A Florida Senate committee on Tuesday approved a constitutional amendment for the November ballot that would give tax breaks to businesses that install solar panels, but it is unlikely to come before voters: The chairman of a powerful House committee believes the solar industry isn’t ready for it.
“I just don’t see the need to continue to expand the incentives and underwriting of solar,’’ said Rep. Ritch Workman, R-Melbourne, chairman of the House Finance and Tax Committee. “Solar is coming a long way and eventually it’s going to be able to stand on its own two feet. But right now it doesn’t.”
Proponents of the bill, however, say that Workman’s attitude is more proof of the clout of Florida’s electric utilities, which view rooftop solar as the beginning of the end of their monopoly control over Florida’s energy market.
John Porter, the former mayor of Cape Canaveral and the managing partner of the solar energy company CleanFootprint, said Workman and others in the Legislature oppose the amendment because voters would likely approve it.
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“Nothing polls over 90 percent [among voters], but solar does,’’ he said. “If the people of Florida are given a choice in this issue they are going to vote yes. . . . They understand how valuable it is to their air, their water and to the future of Florida.
“Instead, everybody here is really interested in keeping the status quo in place, which is the stranglehold of these large utilities,” he said. “It’s really almost criminal and we need to make a change.”
Two bills in play, SB 917 and HB 825, would place an amendment on the 2014 ballot that would rewrite the state constitution to allow for an ad valorem tax exemption when businesses install renewable energy devices, such as solar panels, as long as the company consumes the electricity itself.
In 2008, Florida voters approved a constitutional amendment to provide a tax exemption for renewable energy improvements made to residential properties: 61 percent approved it.
The Senate Community Affairs unanimously approved SB 917 on Tuesday, but its companion in the House has not gotten a hearing because of Workman’s objections.
That has prompted the solar industry to launch a tirade of protests and solar proponents have jammed Workman’s Twitter feed, filled his email box and crowded his office. They’re also planning a rally next week.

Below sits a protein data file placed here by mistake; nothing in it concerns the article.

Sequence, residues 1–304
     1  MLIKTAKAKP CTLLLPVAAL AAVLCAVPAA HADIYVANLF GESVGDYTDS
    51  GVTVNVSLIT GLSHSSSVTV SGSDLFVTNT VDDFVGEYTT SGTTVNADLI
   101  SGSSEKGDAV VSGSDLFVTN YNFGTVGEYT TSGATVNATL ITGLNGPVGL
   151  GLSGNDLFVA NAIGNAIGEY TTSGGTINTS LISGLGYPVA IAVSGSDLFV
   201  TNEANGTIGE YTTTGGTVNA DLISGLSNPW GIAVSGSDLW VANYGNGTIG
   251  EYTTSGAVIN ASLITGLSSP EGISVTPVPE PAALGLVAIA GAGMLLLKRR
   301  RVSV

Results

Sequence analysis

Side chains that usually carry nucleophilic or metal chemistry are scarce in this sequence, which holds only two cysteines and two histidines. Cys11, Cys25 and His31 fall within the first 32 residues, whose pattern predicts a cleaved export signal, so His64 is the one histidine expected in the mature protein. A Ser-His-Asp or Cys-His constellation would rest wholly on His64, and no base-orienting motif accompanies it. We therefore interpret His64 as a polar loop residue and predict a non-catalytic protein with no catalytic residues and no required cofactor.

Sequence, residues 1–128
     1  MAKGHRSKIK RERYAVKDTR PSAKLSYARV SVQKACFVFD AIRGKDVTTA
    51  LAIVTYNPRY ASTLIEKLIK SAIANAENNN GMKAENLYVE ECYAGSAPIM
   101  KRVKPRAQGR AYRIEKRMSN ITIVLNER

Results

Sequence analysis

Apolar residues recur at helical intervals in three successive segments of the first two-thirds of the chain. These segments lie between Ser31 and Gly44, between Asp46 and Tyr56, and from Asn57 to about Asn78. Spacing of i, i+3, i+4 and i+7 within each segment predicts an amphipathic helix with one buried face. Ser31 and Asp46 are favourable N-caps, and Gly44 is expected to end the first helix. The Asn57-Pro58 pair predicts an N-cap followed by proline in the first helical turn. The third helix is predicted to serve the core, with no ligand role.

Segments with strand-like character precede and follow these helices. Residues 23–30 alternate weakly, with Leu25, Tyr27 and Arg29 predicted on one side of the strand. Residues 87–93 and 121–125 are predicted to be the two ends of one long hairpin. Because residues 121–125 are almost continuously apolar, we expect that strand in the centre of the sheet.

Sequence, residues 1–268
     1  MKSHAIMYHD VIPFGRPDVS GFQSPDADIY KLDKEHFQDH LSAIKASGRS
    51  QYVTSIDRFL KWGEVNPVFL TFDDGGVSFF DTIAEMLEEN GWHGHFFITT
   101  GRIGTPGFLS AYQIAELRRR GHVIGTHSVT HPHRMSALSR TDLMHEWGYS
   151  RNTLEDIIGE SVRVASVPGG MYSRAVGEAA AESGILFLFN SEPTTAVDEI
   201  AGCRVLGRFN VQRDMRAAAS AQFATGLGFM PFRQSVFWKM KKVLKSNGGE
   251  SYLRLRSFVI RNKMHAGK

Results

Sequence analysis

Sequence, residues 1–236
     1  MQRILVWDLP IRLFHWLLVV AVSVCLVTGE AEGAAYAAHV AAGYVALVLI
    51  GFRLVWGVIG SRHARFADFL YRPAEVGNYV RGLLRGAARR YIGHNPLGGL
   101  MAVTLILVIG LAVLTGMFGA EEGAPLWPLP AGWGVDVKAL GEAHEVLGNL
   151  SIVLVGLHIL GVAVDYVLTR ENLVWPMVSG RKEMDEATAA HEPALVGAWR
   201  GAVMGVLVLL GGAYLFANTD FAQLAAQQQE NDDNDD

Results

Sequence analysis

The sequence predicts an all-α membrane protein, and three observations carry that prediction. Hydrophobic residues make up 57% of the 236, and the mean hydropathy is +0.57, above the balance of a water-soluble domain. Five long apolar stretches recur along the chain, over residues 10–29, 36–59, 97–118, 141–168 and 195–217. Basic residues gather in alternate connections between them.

“They’re making me dig my heels in because they’re blowing me up,” said a defiant Workman.
He insists he is not being a shill for the utility giants. “I would love to unmonopolize them,’’ he said. “I’m not fighting this constitutional amendment because I’m in the pockets of them. I am tired of propping up the industry.”
The state’s three largest electric companies have spent more than $3 million on campaign contributions this election cycle alone — including $2.5 million from Florida Power & Light, which competes with the solar industry by offering its own solar plants. TECO Energy has spent another $754,000 and Duke Energy has given $390,000.
When voters approved the 2008 constitutional amendment, it took until last year to get legislators to pass a bill to implement it. Workman shepherded the legislation through and now appears resentful that the solar industry doesn’t appreciate his efforts.
“I’m now Mr. Anti-Solar, and it’s ridiculous because the minute they are viable, my roof is going to be covered with them,’’ he said, arguing that state taxpayers would have to “to underwrite the entire process to make it viable.”
The proposed amendment has the support of Agriculture Commissioner Adam Putnam and a growing number of solar companies that want a foothold in Florida.
Several businessmen who are working on developing solar technology in Florida told the committee that the state’s market has been so suppressed that they have had to go to other states to do business.
Sen. Jack Latvala, R-Clearwater, who sponsored the bill to implement the 2008 constitutional amendment last year, cited an Integrity Florida report released on Monday that alleges the state’s four largest electric companies use campaign cash and lobbyists to influence the Florida legislative agenda to push an agenda favorable to their shareholders and not necessarily their customers.
“Maybe it’s coincidental we’re having this discussion on the week we had the Integrity Florida report on the stranglehold that the energy companies have in Florida because of the money that they put in the process,’’ Latvala said. “But that’s what we’ve got to deal with.”